It's a noble and reasonable idea to give the stuff of our age the same critical attention as ancient artifacts, but there's something slightly disquieting about standing in a room full of comics, each carefully sealed in a UV-blocking plastic sarcophagus and illuminated with low-wattage LED lights to protect the already fragile newsprint from further decay. Maybe it's rumors of the museum's precarious financial state--you mean there won't be a place I can stop by and see Amazing Fantasy No. 15 (Spider-Man's first appearance) if I'm having a bad day?--but what lingers is the strangeness of comics coded and tagged like dodo pelts in a natural history museum. Even though nowadays even kids know better than to roll up comics and shove them in their back pocket, there's always the element of them being something to be handled, fondled, enjoyed. If a place like this exists, does it mean that the glossy-covered comic book--the birthplace of some of the most iconic characters of the 20th century--is ready for the mausoleum?
The decline of the comic book has been a source of much hand-wringing and finger-pointing in the industry for the past few decades, but at this point the evidence is irrefutable: At some point in the latter half of the 20th century, comic-book readership switched from children to an increasingly insular community of adult fanatics/collectors. Like any tobacco executive knows, you've got to keep a steady supply of young consumers interested in your product if you want to continue your business, and now big publishers like Marvel and DC--who in the '70s could easily sell 300,000 copies of a title, a far cry from the 50,000 that's now considered optimal--have shifted much of their focus from publishing to licensing to other media like movies (Batman Begins, Superman Returns) and video games (Ultimate Spider-Man, whose 3-D graphics emphasize not photorealistic shading but dark outlines and flat color, a digitized approximation of the ink and paint of a comic book).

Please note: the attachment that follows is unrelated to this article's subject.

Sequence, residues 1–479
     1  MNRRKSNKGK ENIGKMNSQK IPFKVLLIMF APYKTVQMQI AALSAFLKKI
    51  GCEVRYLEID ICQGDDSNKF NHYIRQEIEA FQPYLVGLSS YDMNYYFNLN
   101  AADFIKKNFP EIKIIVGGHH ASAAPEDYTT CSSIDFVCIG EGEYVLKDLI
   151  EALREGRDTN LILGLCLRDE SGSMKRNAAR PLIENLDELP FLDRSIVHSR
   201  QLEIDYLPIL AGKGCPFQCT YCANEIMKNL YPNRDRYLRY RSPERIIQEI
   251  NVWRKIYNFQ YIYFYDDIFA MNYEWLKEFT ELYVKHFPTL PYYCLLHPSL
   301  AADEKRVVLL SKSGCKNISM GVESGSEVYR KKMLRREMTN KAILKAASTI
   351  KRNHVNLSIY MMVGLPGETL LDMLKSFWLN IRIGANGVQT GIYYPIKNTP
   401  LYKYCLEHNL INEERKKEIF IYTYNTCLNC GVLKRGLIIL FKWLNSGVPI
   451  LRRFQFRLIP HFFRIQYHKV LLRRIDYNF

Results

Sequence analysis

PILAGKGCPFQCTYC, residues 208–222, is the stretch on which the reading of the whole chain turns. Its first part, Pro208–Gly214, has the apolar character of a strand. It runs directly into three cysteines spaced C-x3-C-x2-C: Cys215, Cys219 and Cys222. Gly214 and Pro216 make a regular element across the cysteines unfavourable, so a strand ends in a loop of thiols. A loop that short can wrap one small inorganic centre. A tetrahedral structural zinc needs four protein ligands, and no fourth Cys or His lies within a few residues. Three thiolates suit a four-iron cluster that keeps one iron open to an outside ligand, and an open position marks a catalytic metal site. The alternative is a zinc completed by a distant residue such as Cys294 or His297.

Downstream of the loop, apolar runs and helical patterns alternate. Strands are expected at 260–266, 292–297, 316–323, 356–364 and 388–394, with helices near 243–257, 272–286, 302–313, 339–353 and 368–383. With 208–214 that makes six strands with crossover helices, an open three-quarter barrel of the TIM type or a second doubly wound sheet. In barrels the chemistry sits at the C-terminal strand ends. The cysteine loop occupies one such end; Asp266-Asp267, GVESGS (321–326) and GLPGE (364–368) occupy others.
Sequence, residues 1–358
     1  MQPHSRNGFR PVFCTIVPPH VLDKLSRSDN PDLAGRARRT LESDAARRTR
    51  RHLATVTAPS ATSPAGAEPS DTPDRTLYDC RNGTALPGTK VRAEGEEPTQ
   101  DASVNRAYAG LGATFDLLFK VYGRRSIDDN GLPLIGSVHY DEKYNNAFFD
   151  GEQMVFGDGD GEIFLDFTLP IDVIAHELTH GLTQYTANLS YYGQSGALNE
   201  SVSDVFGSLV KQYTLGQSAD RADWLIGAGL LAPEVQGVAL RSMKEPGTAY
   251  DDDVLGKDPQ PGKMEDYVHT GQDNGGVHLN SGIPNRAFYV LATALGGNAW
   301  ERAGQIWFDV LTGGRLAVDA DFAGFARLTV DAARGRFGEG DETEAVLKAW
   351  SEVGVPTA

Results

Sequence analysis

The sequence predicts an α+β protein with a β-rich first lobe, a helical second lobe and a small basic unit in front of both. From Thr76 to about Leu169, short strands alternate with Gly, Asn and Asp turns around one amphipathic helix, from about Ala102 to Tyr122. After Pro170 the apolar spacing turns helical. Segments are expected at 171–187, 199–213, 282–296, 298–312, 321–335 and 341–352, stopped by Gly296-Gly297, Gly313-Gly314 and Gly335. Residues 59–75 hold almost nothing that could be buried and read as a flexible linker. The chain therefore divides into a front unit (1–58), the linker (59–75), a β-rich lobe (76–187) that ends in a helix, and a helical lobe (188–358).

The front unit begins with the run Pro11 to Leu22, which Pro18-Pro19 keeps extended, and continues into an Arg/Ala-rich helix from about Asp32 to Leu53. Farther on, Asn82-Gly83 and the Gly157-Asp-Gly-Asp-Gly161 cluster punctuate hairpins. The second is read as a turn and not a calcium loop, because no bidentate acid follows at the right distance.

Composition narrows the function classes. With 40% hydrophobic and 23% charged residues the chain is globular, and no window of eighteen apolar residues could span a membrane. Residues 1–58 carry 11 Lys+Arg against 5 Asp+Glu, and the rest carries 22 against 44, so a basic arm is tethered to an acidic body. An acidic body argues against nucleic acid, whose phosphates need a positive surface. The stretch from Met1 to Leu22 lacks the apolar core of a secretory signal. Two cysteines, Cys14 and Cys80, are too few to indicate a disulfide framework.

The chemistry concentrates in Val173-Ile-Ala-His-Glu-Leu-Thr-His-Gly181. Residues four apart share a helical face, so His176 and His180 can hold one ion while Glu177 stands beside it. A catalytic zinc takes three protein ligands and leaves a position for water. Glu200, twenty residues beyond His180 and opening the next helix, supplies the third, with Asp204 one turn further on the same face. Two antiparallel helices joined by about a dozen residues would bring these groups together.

Is it just that kids today, weaned on technology, don't read as much as generations past? Blumberg dismisses this idea. "People immediately start to point to literacy going down. I think that's the ageist bias of people who are older," he says. "The fact is children may not be reading less. There are studies suggesting that children may be reading more. They're reading online! And not only are they reading, they're writing more on blogs. The problem is adults don't think anything outside of what they think is reading qualifies." This isn't a new bias--comics suffered from some of this snobbery for years, with adults fretting over whether the breathless, sensational bang! pow! of comic-book prose would ruin kids for the classics (ironic, considering that much of the output of novelists like Charles Dickens was written in serialized form for readers hungry for the next cliffhanger installment). And J.K. Rowling's very prosperous publishers would laugh long and hard at the idea of children not wanting to read.